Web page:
VIENNA (Reuters) - The cultivation of opium poppy in Afghanistan, the world’s main source of heroin, has risen to its third-highest level in more than 20 years, the United Nations confirmed on Sunday, as the Taliban insurgency gains ground.
In the key findings of its annual Afghanistan opium survey, the U.N. Office on Drugs and Crime (UNODC) said the total area of land devoted to poppy cultivation had risen 10 percent in 2016 to 201,000 hectares (497,000 acres).
“The survey shows a worrying reversal in efforts to combat the persistent problem of illicit drugs and their impact on development, health and security,” UNODC Executive Director Yury Fedotov said in a statement.
The government’s loosening grip on security in many areas contributed to a collapse in poppy eradication efforts, a method championed by the United States after it led an invasion of Afghanistan in 2001 when the country was under Taliban rule.
“Eradication has dropped precipitously to 355 hectares — a fall of some 91 percent,” Fedotov said. The report said cultivation was also spreading to new areas, as the number of poppy-free provinces fell to 13 from 14 out of a total of 34.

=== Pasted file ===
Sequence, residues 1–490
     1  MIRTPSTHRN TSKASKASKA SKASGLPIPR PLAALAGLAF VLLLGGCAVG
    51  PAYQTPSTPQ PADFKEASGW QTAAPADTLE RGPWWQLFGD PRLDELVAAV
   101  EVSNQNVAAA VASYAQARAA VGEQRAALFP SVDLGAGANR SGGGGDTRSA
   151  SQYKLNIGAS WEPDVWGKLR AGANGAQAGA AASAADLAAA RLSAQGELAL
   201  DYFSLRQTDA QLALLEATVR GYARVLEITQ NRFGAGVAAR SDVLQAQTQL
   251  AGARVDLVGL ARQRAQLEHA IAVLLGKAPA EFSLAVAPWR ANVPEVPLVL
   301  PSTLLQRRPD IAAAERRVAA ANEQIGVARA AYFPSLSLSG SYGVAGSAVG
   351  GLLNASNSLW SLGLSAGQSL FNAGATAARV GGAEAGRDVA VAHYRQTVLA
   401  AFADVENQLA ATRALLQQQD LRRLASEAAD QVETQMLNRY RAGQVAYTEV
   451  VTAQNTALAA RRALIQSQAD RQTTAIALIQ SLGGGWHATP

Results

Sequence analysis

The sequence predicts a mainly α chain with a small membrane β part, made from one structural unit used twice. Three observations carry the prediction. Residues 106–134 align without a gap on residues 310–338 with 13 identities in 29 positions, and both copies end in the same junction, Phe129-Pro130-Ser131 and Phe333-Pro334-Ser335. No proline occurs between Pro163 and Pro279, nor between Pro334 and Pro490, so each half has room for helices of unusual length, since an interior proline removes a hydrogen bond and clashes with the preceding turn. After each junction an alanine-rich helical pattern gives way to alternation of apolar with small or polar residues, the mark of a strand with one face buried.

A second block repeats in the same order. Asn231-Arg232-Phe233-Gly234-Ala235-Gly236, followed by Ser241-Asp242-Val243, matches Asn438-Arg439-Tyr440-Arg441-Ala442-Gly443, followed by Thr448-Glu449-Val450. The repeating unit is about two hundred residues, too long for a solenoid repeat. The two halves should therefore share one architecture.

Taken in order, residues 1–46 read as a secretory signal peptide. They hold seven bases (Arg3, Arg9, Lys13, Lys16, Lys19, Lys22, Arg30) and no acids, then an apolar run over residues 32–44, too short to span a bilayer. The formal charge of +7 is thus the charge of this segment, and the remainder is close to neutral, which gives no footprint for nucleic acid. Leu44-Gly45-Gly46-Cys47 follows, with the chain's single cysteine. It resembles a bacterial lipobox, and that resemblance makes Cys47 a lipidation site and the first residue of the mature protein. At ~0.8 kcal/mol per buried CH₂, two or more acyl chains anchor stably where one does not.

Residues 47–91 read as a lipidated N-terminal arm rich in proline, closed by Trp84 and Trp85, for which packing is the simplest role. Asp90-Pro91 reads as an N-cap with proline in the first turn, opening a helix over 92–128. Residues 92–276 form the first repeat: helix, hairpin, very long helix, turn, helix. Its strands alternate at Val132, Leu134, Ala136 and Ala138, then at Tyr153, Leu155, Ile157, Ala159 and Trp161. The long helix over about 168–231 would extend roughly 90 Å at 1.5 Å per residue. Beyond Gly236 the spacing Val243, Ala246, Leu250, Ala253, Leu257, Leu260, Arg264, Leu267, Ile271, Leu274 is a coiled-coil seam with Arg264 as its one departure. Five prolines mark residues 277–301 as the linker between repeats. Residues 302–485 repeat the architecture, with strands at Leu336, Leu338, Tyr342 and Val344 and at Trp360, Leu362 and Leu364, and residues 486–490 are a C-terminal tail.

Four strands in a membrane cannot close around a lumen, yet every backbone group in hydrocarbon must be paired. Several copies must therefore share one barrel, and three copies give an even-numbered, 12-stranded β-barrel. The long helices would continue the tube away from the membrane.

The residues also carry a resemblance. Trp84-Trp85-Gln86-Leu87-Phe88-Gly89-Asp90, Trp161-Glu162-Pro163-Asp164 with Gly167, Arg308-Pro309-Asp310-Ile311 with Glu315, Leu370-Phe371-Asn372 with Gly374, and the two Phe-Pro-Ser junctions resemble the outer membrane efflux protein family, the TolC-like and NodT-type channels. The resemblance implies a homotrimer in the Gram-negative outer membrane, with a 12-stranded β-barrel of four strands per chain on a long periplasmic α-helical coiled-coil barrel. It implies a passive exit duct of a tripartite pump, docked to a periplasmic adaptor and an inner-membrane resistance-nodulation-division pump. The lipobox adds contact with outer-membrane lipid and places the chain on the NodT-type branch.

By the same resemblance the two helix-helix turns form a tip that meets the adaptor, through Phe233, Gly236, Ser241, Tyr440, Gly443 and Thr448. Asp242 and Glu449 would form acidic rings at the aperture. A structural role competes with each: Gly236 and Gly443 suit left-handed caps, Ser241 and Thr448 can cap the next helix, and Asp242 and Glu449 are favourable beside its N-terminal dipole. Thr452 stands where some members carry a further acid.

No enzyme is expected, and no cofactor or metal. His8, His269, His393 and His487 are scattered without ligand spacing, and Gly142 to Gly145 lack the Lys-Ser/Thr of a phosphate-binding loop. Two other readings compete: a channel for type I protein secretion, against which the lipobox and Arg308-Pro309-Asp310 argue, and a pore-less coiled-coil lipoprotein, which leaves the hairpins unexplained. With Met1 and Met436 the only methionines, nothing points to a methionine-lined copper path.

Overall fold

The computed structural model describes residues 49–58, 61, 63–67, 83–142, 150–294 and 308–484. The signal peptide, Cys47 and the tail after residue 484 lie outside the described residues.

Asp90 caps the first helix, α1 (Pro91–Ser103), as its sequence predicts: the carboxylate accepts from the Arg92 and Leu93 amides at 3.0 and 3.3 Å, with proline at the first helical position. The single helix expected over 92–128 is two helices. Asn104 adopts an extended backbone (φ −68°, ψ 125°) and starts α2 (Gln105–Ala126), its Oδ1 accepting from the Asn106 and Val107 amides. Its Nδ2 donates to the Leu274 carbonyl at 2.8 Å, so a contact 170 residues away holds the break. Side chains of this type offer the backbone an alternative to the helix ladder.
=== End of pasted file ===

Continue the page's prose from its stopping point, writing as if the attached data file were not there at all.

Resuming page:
The report confirmed a statement by Fedotov earlier this month that the area under cultivation in 2016 had exceeded 200,000 hectares, putting it in the top three years since the UNODC began providing estimates in 1994.
Fedotov’s statement on Oct. 4 was made at a conference in Brussels at which world powers raised $15 billion to fund Afghanistan over the next four years.
Taliban successes on the battlefield have exposed the defensive limits of Afghanistan’s NATO-trained armed forces, which are supposed to number 350,000 personnel but which have been heavily depleted by casualties and desertion.
“Strong increases (in cultivation) were observed in the northern region and in Badghis province where the security situation has deteriorated since 2015,” the UNODC said. The western region, which includes Badghis, has the second-biggest area under cultivation after the southern region.
The key findings released on Sunday said there had also been a 30 percent increase in the estimated yield from poppy fields this year, bringing potential production to the seventh-highest on record, 43 percent more than in 2015.
The UNODC added, however, that its yield estimate was less reliable than that of the area under cultivation.
“There are some limitations in these estimates since the yield survey was not implemented in all main cultivating provinces for security reasons,” it said. “For the provinces not covered, the regional average was used.”
Reporting by Francois Murphy; Editing by Helen Popper